We’re currently producing a show featuring Jean Vanier, a wise old man who has spent his life doing charity work with mentally disabled individuals around the world. Although he’s Christian, his words and his gentleness are unsettling in their beauty and have given me plenty to think about as a Muslim. His notions of God’s vulnerability, in particular, make me understand the word islam better than I ever have. (I’m going to delve into the kind of theological matters I don’t typically discuss. I mean, yes, I do talk about religion often enough, but my own spiritual bent is difficult for me to pin down, even though I’m coming from an Islamic perspective. So I’ll be talking about God as a reality more than I usually do. That’s even uncomfortable for me to do because I think God is something that we are incapable of talking about well using language. It’s awkward, and language is limiting because of its precision and linearity. I’ll be addressing that awkwardness in this post, as well.) Read more

Approaching Ed Husain and The Islamist

One person we’re pursuing for an interview is Ed Husain, British Muslim and author of the controversial book The Islamist. We have a copy of his book at the office, and I picked it up and read it voraciously over the past few days. This upcoming show is one I desperately want us to get right.

Let’s talk a bit about the book first. I’m going to drop a few spoilers, so if you’re planning to read it, I suggest you skip ahead a bit (or even wait until you’ve read the book). Read more

At The Corner of Crescent and Sainte-Catherine

The cosmopolitan city of Montreal is home to immigrants from every corner of the world, including a vibrant Muslim community. But how will Muslims react when a government commission addresses the misplaced discontent of non-Muslims toward this growing, visible community? Read more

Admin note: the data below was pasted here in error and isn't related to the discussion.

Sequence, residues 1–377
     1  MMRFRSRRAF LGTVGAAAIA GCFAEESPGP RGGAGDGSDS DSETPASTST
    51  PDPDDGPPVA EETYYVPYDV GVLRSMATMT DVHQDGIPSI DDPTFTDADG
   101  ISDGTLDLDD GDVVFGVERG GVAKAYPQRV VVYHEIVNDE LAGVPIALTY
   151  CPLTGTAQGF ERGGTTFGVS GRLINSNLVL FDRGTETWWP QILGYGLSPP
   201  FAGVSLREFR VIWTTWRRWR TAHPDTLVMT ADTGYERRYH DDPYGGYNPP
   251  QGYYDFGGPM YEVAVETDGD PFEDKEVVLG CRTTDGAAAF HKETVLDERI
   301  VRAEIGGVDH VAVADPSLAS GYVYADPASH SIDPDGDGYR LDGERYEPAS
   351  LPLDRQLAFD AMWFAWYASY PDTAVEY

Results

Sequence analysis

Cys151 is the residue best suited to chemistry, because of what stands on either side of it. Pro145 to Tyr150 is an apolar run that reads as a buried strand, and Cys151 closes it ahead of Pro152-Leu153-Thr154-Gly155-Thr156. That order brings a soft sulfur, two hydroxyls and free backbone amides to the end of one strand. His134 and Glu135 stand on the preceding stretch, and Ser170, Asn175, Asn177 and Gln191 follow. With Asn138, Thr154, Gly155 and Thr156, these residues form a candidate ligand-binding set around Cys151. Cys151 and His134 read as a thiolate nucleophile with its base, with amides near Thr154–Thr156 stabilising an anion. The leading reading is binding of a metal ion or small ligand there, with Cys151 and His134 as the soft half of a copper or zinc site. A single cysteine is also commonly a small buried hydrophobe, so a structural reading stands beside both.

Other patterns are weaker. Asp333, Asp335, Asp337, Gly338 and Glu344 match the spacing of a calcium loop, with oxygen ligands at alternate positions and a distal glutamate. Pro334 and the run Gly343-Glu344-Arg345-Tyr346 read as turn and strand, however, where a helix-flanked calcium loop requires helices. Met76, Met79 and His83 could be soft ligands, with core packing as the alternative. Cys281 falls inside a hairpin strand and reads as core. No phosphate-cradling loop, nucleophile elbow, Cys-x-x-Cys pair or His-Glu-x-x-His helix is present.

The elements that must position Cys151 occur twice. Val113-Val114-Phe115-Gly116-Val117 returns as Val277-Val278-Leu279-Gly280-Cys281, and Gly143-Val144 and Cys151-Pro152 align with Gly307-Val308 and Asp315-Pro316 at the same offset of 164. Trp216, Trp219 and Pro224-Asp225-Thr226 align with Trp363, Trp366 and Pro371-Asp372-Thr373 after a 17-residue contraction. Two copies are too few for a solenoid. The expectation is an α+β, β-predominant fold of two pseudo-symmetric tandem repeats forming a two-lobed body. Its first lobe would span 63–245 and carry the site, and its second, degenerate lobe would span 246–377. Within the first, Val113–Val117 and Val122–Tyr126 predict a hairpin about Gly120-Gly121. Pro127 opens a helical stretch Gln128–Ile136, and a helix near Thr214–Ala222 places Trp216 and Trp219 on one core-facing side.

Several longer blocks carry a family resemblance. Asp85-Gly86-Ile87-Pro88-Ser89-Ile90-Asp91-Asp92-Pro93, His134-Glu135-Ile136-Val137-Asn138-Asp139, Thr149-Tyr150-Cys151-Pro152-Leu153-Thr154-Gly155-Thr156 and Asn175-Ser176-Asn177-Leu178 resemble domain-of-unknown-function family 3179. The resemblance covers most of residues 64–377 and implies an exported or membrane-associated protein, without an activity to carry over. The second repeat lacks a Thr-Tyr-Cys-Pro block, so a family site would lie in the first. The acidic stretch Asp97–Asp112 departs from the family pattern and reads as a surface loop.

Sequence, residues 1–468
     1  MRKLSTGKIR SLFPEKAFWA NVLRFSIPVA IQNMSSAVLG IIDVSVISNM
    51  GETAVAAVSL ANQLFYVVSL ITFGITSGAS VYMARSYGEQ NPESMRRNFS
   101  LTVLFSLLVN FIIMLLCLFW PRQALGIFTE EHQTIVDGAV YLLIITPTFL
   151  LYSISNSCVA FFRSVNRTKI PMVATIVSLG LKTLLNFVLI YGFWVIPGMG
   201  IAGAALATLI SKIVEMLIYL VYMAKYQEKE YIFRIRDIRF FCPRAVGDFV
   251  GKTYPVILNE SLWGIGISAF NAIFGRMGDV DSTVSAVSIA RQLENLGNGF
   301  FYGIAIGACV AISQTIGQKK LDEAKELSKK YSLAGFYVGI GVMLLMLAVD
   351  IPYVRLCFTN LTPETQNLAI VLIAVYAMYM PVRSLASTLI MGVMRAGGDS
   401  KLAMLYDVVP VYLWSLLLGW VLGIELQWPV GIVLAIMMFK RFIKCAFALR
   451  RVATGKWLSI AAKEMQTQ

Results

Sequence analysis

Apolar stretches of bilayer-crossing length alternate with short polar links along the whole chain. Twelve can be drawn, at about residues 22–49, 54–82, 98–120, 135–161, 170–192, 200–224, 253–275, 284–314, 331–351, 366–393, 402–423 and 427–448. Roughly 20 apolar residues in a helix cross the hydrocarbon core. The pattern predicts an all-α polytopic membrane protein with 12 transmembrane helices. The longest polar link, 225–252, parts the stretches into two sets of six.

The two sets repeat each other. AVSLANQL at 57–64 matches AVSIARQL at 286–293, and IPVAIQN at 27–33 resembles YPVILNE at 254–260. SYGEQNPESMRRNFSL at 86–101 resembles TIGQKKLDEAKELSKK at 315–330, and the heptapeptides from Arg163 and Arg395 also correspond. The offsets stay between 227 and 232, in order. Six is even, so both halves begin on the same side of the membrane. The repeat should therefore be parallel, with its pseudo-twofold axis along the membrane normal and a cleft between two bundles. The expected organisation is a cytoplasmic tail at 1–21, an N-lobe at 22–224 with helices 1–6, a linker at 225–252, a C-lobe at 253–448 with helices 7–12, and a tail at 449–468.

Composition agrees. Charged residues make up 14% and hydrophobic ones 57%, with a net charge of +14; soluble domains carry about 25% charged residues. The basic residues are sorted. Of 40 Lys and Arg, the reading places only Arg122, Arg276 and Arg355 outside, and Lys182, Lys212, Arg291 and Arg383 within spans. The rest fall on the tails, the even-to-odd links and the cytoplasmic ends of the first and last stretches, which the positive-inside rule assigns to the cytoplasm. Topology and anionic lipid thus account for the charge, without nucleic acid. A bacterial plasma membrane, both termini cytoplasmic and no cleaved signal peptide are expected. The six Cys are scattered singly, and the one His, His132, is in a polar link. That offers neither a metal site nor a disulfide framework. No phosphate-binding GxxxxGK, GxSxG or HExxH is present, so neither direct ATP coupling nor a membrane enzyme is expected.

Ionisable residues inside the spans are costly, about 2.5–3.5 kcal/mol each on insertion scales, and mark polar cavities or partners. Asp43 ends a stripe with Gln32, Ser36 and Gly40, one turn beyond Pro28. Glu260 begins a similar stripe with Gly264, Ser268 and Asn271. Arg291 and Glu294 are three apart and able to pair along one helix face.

Religion and the search for beauty

During an all-hours-of-the-night conversation with one of my best friends, I was asked by him, strictly from a place of genuine curiosity, how someone as educated and intelligent as I appear to be could “fall for” or “buy into” religion (“fairy tales, wizards and magic” as he put it). It’s a valid question, one I’ve been asked before in some form. I’ve always found it difficult to deliver the kind of succinct answer that would satisfy such a question. To be honest, I myself ask myself regularly how or why I believe what I do. Not because I think I’m in danger of losing my faith or anything like that, but because I am genuinely curious about the path I’ve taken, and about the mechanics of this device that operates in my soul. Read more

Thoughts on Little Mosque on the Prairie

I just finished watching the first episode of Little Mosque on the Prairie. Actually, we managed to get the press kit from the CBC, for the sake of our CKUT radio show. Part of the press kit was a DVD with the first episode.

There seems to be an inordinate amount of “buzz” (God, I hate that word) around this show. We’re finally showing the “normal” side of North American Muslims. Frankly, the mass media has failed, thus far, to really deal with Islam outside of the context of fundamentalism or extremism, so this is a refreshing change. It’s also, in my view, representative of the continuing Islamic renaissance here in the West. Read more

Optimism vs. cynicism

Strange morning. I was listening to CBC Radio as I usually do. On The Current, they interviewed George Monbiot, a writer for The Guardian, who was talking about air travel within the context of global climate change. Pretty heavy stuff. I agree with all of it. We’re sitting in a closed garage with the car running, essentially, and rather than turn the car off, we’re just enjoying getting high off the fumes. Wonderful. (And for the record, yes, I own a car.)

Anyway, an hour later, on Sounds Like Canada, on comes Bruce Mau, a designer who recently published a think piece in The Walrus called “Optimism: Imagining The Future.”

As a global culture we are beginning to outgrow polarized and binary divisions but we still confuse the media with reality. If we were to publish a newspaper called Reality, it would be a mile thick. The first quarter-inch would arrive on your doorstep, scare the hell out of you, push the worst of human possibility into your world, make you want to lock your doors, inhibit your impulse toward community, and drive you to xenophobia, resentful and fearful of all the violent others determined to ruin your life. The rest of the mile of newspaper — the reality of our world, the part that never gets published — would be Massive Change, the story of how millions of people from every part of the world are working together to confront the dilemmas we face as a global society.

What is Massive Change, and why is it capitalized? Read more